Friday, 4 December 2009

L.I.E.s, all lies.

I remember stumbling across this title a couple of years ago after seeing There Will Be Blood. Other than, obviously, being blown away by the frenetic fury of Daniel Day Lewis’ performance, I was quite equally stunned by that of Paul Dano - how he escaped the awards season without significant praise will always stun me. (And don't even get me STARTED on the missing Johnny Greenwood score in the Oscar race. Don't. Even. Get. Me. Started.) His ability to hold his own more than adequately against the eternal strength of Day Lewis was mind-boggling: he didn’t just keep up, however; he made the performance entirely his own. For someone so young to pull this out was extraordinary, and beyond being testament to Paul Thomas Anderson’s direction and the power of acting opposite someone as strong as Day Lewis, it spoke to an incredible ability in his own right.

Of course, I knew Dano from his turn as the mute son in Little Miss Sunshine, another great performance, albeit one that didn’t allow for the same scope as There Will Be Blood. But I wanted to know how he had gone from effectively unknown to his large role in Sunshine, and finally to PTA’s breakout turn as an epic director. (There Will Be Blood was pretty much my favourite major film of 2007 - there was a little Australian film that trumps it, but we’ll stick with TWBB for the sake of ease.)

Which brings me to L.I.E., Dano’s breakout role in 2001. It wasn’t a film I specifically sought out. Instead it was a title that I stumbled across, recognised, reminded myself why I recognised it and then took home, ultimately finding myself quite happy to have done so. Ostensibly, the acronymous title stands for Long Island Expressway, the major arterial around which much of the action takes place. However, as you can imagine when a film takes on a title such as this, it means so much more.

Dano plays a young almost-sixteen year old, Howie, whose mother was killed on said expressway. With a couple of friends from school he is committing petty crime - breaking into houses and stealing not very much. One of his friends, the beautiful miscreant Gary (played by Billy Kay) drags Howie around as his friend, whilst Howie begins to realise that he wants more than that. Gary is also running a side business as a rent-boy - which is how he knows about a house that promises a big score. The house is owned by Big John Harrigan (played to a magnificently seedy and disgusting degree by Brian Cox), but he quickly discovers the culprits and soon seeks compensation for his lost goods. Gary ups and leaves for California, leaving Howie to develop a relationship with Big John whilst his father languishes in prison for a recently discovered fraud.

On the outside it could be seen as quite controversial. For all intents and purposes, Big John is a pedophile. But nothing actually happens, apart from desire, dreams and innuendo. This is what makes the film all the more powerful - it is not about a crime, but about the grooming and the acceptance and misplaced desire of the young victim. Exhibiting drunken Lolita-esque moments of seduction only make you realise how young and confused Howie is - he feels nothing specifically for the older Big John, but he is realising an opportunity to live out his feelings for Gary through someone Gary has already engaged with. Big John is grooming, yes, but he is primarily a catalyst for the journey of Howie: as grubby as he is, it is Howie we’re concerned with.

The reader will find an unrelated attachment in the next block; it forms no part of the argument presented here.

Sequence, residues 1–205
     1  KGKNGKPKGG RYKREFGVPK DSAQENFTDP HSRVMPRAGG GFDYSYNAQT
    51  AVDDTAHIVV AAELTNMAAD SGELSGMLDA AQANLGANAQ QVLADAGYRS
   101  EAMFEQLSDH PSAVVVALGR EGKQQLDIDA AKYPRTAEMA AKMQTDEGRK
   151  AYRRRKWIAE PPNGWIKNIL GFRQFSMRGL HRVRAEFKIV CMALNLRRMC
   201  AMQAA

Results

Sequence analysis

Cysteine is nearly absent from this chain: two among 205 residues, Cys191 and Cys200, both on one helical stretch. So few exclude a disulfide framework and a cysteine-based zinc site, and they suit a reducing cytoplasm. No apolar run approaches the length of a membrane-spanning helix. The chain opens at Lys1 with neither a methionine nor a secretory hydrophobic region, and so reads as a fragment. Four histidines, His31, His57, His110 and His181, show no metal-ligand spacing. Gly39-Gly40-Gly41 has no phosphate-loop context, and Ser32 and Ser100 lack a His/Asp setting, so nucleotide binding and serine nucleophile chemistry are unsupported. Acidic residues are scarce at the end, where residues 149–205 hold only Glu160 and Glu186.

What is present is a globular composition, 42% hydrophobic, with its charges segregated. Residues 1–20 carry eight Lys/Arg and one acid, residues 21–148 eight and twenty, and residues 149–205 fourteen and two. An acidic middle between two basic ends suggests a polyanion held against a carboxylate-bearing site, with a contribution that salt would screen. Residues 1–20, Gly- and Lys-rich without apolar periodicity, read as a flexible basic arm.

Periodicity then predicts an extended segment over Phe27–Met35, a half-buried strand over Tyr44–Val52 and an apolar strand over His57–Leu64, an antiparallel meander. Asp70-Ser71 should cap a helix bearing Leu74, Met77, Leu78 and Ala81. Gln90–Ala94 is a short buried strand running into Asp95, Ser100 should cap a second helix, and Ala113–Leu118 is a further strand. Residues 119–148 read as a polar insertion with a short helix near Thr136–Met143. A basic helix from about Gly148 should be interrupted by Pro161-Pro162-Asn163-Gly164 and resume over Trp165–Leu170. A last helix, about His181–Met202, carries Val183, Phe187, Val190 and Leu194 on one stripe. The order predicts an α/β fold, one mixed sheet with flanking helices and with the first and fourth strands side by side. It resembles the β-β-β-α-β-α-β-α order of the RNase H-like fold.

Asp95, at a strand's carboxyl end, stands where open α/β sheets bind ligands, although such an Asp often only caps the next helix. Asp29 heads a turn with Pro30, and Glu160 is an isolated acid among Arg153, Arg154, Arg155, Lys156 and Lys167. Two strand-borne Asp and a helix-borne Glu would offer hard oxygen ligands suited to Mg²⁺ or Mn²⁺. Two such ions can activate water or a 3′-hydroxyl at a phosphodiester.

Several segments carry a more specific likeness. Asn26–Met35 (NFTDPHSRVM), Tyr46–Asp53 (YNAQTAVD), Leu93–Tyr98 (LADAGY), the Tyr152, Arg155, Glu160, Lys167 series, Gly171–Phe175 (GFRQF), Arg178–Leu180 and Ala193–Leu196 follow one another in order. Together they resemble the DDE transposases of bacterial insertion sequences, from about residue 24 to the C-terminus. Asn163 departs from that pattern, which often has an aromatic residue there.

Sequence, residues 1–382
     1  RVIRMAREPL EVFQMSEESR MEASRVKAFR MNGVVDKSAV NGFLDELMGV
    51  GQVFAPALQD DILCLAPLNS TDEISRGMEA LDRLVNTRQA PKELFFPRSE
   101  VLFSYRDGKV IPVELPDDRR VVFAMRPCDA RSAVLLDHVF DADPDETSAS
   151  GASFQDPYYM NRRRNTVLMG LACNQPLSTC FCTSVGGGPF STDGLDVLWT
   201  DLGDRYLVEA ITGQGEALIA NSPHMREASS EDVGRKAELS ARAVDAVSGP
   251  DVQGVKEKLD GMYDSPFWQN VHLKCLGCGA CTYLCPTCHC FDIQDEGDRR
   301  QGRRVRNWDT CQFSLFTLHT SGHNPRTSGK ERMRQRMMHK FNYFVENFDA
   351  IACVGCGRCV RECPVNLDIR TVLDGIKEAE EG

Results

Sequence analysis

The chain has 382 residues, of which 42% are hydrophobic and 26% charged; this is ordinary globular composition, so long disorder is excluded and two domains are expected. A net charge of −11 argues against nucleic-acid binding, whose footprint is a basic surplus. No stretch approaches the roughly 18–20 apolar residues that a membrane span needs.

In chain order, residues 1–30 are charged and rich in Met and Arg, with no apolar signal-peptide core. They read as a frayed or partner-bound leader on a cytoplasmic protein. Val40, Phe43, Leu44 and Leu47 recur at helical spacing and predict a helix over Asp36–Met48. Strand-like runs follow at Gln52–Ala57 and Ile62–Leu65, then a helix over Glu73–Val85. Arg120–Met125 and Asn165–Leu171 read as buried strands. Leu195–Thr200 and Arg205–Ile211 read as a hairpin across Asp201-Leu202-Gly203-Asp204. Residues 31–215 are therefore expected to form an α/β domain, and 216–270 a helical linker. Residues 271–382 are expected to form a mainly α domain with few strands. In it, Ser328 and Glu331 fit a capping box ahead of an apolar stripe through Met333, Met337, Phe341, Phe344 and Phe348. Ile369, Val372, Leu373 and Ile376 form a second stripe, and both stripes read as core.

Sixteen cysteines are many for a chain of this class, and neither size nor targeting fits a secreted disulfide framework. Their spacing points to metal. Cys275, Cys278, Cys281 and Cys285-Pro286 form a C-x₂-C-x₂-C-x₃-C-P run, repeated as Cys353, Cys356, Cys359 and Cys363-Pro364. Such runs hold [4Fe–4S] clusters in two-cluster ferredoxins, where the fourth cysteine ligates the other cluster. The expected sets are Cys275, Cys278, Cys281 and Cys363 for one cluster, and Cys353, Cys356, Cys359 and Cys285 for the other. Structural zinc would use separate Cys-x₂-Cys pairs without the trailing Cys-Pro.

The sexual power of youth has been explored before on film. Obviously, Lolita in its two cinematic guises is the benchmark. Mysterious Skin is another that springs to mind. L.I.E. is different from both in that nothing ever happens. The film is not about molestation, but, as corny as it may sound, about self-discovery in youth. It’s a coming of age story set in a very different space to that which we are familiar with.

The film is grounded by exceptional performances from all involved. The young cast is entirely self-assured, naive when they need to be, strong and all-knowing when it is called for. And they never overplay - always a danger with a young cast. Cox, for his part, plays perfectly the emotionally guarded and manipulative older man. You can never tell whether to believe his revelatory moments or not.

L.I.E. is a very strong, very knowing film. Some imaginative cinematography never overpowers the narrative, and its realisation as semi-realist for the most part sits very well with the nature of the story and the elements of the performance. Kudos to writer/director Michael Cuesta (who appears to have worked mostly in television) for pulling together such a sharp piece of cinema. 4 stars.

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